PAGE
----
How many Republicans would carry the torch of a robust Social Security or a reinvigorated labor relations act today? Even many Democrat hide their antipathy to Social Security behind loose and misleading talk about its future bankruptcy. And labor's purported Democratic friends on Capitol Hill seem never to make labor a legislative priority.
The DC political center today was born from and contributes to an extremist movement, a counterrevolution against the New Deal liberalism that dominated U.S. politics from Truman through the first two years of the Carter Administration. Andrew Bacevich, drawing on the work of Yale Law professor Samuel Moyn, argues:
- members of the post-Cold War political mainstream... share a common worldview. They believe in the universality of freedom as defined and practiced within the United States. They believe in corporate capitalism operating on a planetary scale. They believe in American primacy, with the United States presiding over a global order as the sole superpower. They believe in "American global leadership,"which they define as primarily a military enterprise. And perhaps most of all, while collecting degrees from Georgetown, Harvard, Oxford, Wellesley, the University of Chicago, and Yale, they came to believe in a so-called meritocracy as the preferred mechanism for allocating wealth, power, and privilege. All of these together comprise the sacred scripture of contemporary American political elites.
This evolving counterrevolution may be popular or even beyond dispute in DC, but it hardly fares well among the electorate today.
Taxation of the rich, along with a whole set of universal programs, are very popular among the electorate if not the DC crowd. In a recent op-ed Columbia University law professor Tim Wu points out.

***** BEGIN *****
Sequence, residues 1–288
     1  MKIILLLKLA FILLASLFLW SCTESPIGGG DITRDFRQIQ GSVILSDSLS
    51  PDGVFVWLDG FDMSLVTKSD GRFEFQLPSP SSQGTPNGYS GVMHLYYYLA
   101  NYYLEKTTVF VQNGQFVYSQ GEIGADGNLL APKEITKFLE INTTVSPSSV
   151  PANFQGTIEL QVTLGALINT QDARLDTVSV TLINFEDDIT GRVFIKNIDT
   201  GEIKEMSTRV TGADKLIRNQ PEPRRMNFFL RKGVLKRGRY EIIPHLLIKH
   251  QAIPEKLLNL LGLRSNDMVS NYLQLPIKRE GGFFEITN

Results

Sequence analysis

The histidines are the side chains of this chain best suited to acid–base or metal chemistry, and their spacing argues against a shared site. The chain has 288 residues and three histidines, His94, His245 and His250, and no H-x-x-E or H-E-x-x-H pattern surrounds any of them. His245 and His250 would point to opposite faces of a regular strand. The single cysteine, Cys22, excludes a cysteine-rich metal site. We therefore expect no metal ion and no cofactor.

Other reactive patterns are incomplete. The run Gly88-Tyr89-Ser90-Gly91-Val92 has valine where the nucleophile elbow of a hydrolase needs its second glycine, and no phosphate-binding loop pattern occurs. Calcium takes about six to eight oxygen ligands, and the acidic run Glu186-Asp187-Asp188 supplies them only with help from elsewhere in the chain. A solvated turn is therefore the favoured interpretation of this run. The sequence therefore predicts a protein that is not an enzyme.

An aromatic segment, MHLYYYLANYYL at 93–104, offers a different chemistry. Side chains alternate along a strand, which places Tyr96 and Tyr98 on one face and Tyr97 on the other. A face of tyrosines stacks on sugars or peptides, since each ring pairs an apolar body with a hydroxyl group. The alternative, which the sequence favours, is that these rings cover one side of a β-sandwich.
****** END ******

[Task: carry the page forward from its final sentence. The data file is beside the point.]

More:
"About 75 percent of Americans favor higher taxes for the ultra-wealthy. The idea of a federal law that would guarantee paid maternity leave attracts 67 percent support," Wu noted. "Eighty-three percent favor strong net neutrality rules for broadband, and more than 60 percent want stronger privacy laws. Seventy-one percent think we should be able to buy drugs imported from Canada, and 92 percent want Medicare to negotiate for lower drug prices. The list goes on." One could add that several polls suggest support for Medicare for All even among Republicans.
It is not primarily gridlock or voter polarization that is preventing progressive legislation from passing. Nor can lack of action be blamed on a purportedly extremist Vermont Senator. As Lambert Strether of the blog Naked Capitalism points out:
[Delaware] Supreme Court chief justice, Leo E. Strine, Jr., is a highly influential and outspoken voice on corporate law...[He argues]. "When people talk Bernie Sanders as if he's a communist, they show a profound ignorance" of the market and of history.....Sanders' proposals...[are] not actually radical from a historical or global perspective. Sanders is actually a centrist by the standards of some of our closest and most prosperous European allies.
One party regards blocking any progressive reform legislation as its reason for being. That party is represented by a Senate and filibuster rule bought and paid for by wealthy corporations and wealthy citizens. To paraphrase an extremist of another generation, moderation in defense of an oppressive status quo is no virtue; extremism in defense of justice is no vice. A regime that cannot defend itself deploys simplistic, inflammatory labels to discourage citizens from even contemplating any challenges to its rule.